Notes from the TEFL Graveyard

Wistful reflections, petty glories.

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Location: The House of Usher, Brazil

I'm a flailing TEFL teacher who entered the profession over a decade ago to kill some time whilst I tried to find out what I really wanted to do. I like trying to write comedy (I once got to the semi-finals of a BBC Talent competition, ironically writing a sitcom based on TEFL), whilst trying to conquer genetically inherited procrastination... I am now based in Brazil, where I live with my wife and two chins.

Monday, 21 January 2008


One of my many TEFL escape attempts, which ended, like all the others, only with my nose pressed up against the glass accompanied by some desperate clawing, involved the abstruse realm of computer programming, forward slash, web development. Computers have always held something of a fascination for me, more for the entertainment value they offer than the associated careers, it has to be said, and over the years I have made various abortive, procrastination-laden attempts to enter the Gordian profession of computer programming. I fancied that, as I like studying human languages (though I’m no Cardinal Mezzofanti, sadly), learning computer languages should be a logical and certainly more lucrative progression.

The initial stimulus came from a colleague who left school at eighteen and within a couple of years was traveling the world working as a programmer in C++. When I met him one Christmas he’d just spent six months in India, having whooped it up for the previous six in Holland, all whilst receiving a salary generous enough for him to buy a house back home before I was out of university, indebted and with a degree in Italian and a bilingual sinking feeling.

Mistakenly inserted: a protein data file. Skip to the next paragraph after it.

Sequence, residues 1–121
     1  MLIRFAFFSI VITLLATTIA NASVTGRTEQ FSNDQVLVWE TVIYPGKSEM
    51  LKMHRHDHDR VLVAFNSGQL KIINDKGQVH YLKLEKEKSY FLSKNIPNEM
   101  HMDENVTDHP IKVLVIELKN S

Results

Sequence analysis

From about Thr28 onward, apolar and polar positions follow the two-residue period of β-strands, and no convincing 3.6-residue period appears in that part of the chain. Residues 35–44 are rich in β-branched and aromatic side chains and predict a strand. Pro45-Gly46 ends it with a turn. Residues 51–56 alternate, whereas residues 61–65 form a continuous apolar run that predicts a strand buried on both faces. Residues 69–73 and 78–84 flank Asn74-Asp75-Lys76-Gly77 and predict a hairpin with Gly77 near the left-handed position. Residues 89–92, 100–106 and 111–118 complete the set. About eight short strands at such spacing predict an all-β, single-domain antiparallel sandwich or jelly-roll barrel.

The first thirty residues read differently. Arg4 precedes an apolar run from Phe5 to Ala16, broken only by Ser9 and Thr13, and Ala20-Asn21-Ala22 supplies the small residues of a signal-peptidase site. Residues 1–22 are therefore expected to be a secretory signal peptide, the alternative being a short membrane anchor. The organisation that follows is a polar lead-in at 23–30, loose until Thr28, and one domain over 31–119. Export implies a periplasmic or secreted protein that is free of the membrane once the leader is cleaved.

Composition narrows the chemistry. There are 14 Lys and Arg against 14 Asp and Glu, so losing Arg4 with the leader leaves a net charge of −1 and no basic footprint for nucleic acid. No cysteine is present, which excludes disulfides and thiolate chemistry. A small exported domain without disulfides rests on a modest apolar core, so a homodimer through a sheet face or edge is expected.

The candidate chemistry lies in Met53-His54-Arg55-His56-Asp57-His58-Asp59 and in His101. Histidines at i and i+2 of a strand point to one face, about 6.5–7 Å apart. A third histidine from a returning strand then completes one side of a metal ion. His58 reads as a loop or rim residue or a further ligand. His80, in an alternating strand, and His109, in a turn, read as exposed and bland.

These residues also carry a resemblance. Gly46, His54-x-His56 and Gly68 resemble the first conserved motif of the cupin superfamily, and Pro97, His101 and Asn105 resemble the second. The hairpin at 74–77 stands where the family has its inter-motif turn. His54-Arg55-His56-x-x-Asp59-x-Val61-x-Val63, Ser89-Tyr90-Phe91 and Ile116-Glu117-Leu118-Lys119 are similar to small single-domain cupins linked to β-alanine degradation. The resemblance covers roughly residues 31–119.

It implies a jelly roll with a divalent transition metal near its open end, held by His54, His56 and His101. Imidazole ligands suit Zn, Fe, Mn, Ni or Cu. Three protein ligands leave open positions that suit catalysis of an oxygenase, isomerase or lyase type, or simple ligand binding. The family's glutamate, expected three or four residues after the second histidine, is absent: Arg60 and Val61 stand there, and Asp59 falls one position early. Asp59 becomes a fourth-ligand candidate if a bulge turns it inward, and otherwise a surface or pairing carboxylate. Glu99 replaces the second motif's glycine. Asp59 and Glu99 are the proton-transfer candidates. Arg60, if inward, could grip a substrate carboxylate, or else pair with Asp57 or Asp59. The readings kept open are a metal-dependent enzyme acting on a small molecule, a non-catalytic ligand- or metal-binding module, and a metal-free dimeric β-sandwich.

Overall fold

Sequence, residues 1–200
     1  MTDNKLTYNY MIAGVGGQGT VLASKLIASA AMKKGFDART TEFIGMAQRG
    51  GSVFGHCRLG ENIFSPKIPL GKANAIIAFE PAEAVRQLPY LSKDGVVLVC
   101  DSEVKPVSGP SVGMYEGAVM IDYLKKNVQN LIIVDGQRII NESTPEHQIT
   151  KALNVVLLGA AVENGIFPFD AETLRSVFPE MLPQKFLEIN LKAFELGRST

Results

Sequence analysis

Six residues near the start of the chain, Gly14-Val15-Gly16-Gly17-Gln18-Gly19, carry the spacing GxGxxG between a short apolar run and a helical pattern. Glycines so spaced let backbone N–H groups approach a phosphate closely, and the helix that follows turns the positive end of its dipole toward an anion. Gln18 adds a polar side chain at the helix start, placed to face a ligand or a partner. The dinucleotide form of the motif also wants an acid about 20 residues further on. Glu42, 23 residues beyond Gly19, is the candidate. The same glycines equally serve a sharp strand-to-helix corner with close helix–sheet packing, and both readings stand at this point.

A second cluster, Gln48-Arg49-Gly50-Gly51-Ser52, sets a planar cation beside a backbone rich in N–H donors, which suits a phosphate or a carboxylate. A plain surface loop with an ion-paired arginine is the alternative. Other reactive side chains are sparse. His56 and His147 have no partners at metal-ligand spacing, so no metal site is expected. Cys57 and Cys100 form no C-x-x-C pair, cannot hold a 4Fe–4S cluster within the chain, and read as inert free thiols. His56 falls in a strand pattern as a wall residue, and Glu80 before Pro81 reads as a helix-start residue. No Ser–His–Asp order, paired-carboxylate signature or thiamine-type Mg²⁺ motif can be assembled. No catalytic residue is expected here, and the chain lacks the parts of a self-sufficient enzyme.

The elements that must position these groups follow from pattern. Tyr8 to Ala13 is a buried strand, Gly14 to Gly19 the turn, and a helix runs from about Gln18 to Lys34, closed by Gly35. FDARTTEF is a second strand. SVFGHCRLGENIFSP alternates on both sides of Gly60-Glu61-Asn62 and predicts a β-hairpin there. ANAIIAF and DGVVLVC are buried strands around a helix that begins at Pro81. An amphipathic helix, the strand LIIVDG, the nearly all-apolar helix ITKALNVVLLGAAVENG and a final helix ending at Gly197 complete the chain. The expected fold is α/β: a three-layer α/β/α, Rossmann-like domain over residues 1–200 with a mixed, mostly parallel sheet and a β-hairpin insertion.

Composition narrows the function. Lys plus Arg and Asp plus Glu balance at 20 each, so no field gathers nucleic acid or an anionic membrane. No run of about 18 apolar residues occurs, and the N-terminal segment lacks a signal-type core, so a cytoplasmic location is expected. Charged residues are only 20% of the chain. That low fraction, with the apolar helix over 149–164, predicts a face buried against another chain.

Whoever designs the packaging for these programming language software packages must be, or should be, one of the most highly paid Microsoft workers – it may even be Bill Gates himself, judging by their effectiveness in conveying the promise of a pretty snappy future. To me, they conjured images of productivity, wealth, efficiency – neat, logical, interconnecting steps on the road to financial abundance. Everything TEFL doesn’t normally lead to, in other words.

My first attempt at learning a computer language came when I splashed out £ 80.00 United Kingdom pounds sterling for Visual Basic 5.0 Learning Edition, which came with a video disc featuring some whiney guy teaching the basics, like writing a program to accept somebody’s age, then displaying it back to them. Computer programs are generally more complex than this, I suspect, but I diligently studied and tried to get my head round the concepts, only for Microsoft to release Visual Basic 6.0 less than a fortnight later, thus rendering my version rather obsolete.

I then purchased Visual C++ 6.0 Standard Edition, which to me appears to be the computing equivalent of Mandarin, only more so. Obscure isn’t halfway there. After bumbling around with this for a few months, it has become destined to sit unused taking up precious hard drive space for the rest of eternity.

Having more or less mastered HTML and basic web pages, I tried my hand at PHP and MySQL databases. Here I made about as much progress as the British Army at the Somme, only much slower. Using poorly conceived free tutorials from the Internet, which completely omitted the vital question of security, I was luckily never let loose on a live site, or my work would have been hacked within seconds and peoples’ credit card details would have been financing wild nights out in Beijing and Moscow for the computer science undergraduates from those countries.